A Definite Maybe: Antibiotics for Acute Severe Colitis

D Turner et al. Inflamm Bowel Dis 2020; 26: 1733-1742. Antibiotic Cocktail for Pediatric Acute Severe Colitis and the Microbiome: The PRASCO Randomized Controlled Trial

This randomized study with 28 children with acute severe ulcerative colitis (ASUC) (PUCAI > /= 65) tried to determine if antibiotics with IV corticosteroids resulted in improved outcomes compared to IV corticosteroids alone. Most in the antibiotic group received the following for 3 weeks:

  • Vancomycin 250 mg 4/day (if less than 8 years, then 125 mg 4/day)
  • Amoxicillin 50 mg/kg/day divided into 3/day dosing (max 500 mg/dose)
  • Metronidazole 5 mg/kg/dose 3/day (max 250 mg/dose)
  • Doxycycline 2 mg/kg/dose 2/day (children less than 7 years rec’d ciprofloxacin 10 mg/kg 2/day -max 250 mg/dose)

Key findings:

  • The mean day-5 PUCAI was 25 ± 16.7 in the abx/steroid combination group vs 40.4 ± 20.4 in the steroid monotherapy group (P = 0.037)
  • Median calprotectin values were lower in the abx combination group at day 5 (1202 vs. 2170, P=0.24) and at discharge (1210 vs 1840, P=0.695)
  • The need for 2nd line rescue therapy was low in both groups: 19% in abx group and 17% in the steroid group
  • Within 1 year, 3/16 (19%) in the abx combination group had had a colectomy compared with 2/12 (17%) in the steroid monotherapy.
  • The authors found no correlation between microbial features/microbiome at admissioin and clinical response 5 days later

In their discussion, the authors note that if antibiotics had a treatment benefit as high as 30% in avoiding second-line treatment (ie, 14% in intervention arm), “randomization of 1228 children would be required to show such a difference with a power of 80%.”

My take: I agree with the authors who state that “antibiotics cannot be routinely recommended until larger studies demonstrate a reduced need for second-line treatment or colectomy.”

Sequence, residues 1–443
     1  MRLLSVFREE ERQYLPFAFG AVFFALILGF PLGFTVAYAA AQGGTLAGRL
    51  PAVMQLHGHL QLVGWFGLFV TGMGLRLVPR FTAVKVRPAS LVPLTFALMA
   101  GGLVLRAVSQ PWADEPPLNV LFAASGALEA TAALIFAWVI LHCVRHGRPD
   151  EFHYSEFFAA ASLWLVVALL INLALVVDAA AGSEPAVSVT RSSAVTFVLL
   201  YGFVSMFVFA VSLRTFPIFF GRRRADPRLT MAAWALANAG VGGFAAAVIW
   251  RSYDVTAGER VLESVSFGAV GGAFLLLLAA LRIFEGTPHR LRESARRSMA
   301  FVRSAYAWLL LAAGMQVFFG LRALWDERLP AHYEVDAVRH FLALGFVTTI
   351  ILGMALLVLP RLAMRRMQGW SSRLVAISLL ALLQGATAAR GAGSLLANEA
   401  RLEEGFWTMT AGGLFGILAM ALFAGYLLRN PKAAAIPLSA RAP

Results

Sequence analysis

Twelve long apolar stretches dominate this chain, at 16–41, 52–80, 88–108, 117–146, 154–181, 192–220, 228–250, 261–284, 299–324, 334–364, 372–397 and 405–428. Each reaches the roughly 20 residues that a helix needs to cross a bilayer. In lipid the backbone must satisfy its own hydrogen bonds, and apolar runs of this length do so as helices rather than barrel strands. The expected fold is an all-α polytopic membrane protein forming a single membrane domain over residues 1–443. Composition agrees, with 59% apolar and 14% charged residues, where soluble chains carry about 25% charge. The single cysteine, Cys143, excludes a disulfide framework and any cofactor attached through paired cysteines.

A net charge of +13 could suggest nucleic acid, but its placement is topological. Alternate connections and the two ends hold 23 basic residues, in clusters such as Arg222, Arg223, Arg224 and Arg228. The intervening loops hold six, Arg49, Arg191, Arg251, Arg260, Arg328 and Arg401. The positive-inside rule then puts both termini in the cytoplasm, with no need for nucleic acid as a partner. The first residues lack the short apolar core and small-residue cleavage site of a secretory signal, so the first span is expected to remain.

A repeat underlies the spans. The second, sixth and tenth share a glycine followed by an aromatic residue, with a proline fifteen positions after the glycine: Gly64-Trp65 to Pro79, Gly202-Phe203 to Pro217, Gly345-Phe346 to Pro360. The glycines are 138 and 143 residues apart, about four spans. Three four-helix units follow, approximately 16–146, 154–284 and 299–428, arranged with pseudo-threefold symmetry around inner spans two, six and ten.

Related blog posts:

Ravenel Bridge, Charleston, SC

Disclaimer: This blog, gutsandgrowth, assumes no responsibility for any use or operation of any method, product, instruction, concept or idea contained in the material herein or for any injury or damage to persons or property (whether products liability, negligence or otherwise) resulting from such use or operation. These blog posts are for educational purposes only. Specific dosing of medications (along with potential adverse effects) should be confirmed by prescribing physician.  Because of rapid advances in the medical sciences, the gutsandgrowth blog cautions that independent verification should be made of diagnosis and drug dosages. The reader is solely responsible for the conduct of any suggested test or procedure.  This content is not a substitute for medical advice, diagnosis or treatment provided by a qualified healthcare provider. Always seek the advice of your physician or other qualified health provider with any questions you may have regarding a condition

2 thoughts on “A Definite Maybe: Antibiotics for Acute Severe Colitis

  1. Pingback: Early Assessment of Acute Ulcerative Colitis with ACE (Albumin, CRP, & Endoscopy) | gutsandgrowth

  2. Pingback: Predicting IBD Outcomes –New Tools | gutsandgrowth

Leave a Reply

Fill in your details below or click an icon to log in:

WordPress.com Logo

You are commenting using your WordPress.com account. Log Out /  Change )

Google photo

You are commenting using your Google account. Log Out /  Change )

Twitter picture

You are commenting using your Twitter account. Log Out /  Change )

Facebook photo

You are commenting using your Facebook account. Log Out /  Change )

Connecting to %s

This site uses Akismet to reduce spam. Learn how your comment data is processed.